Teachers of foreign languages typically encourage their students to speak in the target language (TL) often, but due to various factors, this is not always achieved. Some reasons might include insufficient vocabulary, lack of topic knowledge, embarrassment, or simple unwillingness. Much of the existing research observes uses of the TL or native language (L1). The purpose of this study was to examine how often students use the TL in paired interactions and whether that amount has any relationship to the students' oral proficiency at the end of the course. In a SPAN 105 course at Brigham Young University, 27 students participated in this project by recording themselves during six in-class, paired interactions, after which they provided comments via questionnaires. This study was conducted using a mixed-methods approach, with both quantitative and qualitative data. The quantitative data revealed information about the time spent in the TL, as well as the time spent in the L1, and what relationship these variables had with listening comprehension and oral proficiency. The qualitative data exposed emergent findings related to TL/L1 use: helpful tools, effects of task type, pitfalls the students experienced, struggles and benefits of partnering, effects of recording, and student perceptions about the L1. The results of the study indicate a need for teacher strategies to encourage TL use in the classroom.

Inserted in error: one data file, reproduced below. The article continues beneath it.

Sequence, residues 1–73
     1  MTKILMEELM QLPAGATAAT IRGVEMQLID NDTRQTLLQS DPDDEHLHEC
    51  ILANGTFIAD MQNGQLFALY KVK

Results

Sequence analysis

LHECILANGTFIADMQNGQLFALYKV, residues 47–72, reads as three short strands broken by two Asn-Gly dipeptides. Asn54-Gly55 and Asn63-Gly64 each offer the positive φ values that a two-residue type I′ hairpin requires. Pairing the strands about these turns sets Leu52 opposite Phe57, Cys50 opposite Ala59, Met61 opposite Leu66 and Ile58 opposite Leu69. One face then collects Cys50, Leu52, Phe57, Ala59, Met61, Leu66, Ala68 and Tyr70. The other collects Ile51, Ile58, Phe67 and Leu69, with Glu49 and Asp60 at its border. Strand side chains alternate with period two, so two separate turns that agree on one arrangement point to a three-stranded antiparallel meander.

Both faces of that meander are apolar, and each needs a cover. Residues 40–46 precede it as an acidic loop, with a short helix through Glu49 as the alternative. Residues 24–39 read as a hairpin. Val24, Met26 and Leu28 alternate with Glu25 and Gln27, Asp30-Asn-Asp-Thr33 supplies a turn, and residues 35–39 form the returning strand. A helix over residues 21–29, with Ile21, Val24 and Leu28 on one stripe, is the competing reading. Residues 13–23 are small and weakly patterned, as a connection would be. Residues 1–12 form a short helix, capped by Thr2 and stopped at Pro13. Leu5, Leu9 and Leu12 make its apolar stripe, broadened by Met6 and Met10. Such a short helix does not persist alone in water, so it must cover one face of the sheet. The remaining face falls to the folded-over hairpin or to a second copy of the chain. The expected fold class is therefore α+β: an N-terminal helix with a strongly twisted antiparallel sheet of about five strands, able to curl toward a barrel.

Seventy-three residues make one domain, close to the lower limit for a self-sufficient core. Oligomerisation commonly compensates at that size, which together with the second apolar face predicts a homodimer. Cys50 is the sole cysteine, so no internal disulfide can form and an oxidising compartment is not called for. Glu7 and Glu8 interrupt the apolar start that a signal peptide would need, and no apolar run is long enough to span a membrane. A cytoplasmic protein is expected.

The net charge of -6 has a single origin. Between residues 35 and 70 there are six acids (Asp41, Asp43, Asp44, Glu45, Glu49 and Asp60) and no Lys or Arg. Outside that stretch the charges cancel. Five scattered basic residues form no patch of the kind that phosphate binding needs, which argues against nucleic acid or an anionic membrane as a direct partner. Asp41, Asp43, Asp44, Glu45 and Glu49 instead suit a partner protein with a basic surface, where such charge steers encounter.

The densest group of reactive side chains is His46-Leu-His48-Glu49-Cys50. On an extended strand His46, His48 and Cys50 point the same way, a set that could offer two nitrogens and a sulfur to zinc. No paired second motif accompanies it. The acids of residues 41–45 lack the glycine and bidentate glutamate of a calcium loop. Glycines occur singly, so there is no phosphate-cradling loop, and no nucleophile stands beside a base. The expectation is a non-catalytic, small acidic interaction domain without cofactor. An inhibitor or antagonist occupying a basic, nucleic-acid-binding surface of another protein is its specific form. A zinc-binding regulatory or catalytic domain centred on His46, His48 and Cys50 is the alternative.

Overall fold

College and Department
Humanities; Spanish and Portuguese
BYU ScholarsArchive Citation
Anderson, Michelle, "Target Practice: Exploring Student TL/L1 Use in Paired Interactions" (2017). Theses and Dissertations. 6296.
clarification, confidence, defensiveness, interview, L1, oral proficiency, paired interactions, partner familiarity, perceptions, prompt, recording device, role-play, scaffolding, struggles, teacher expectations, TL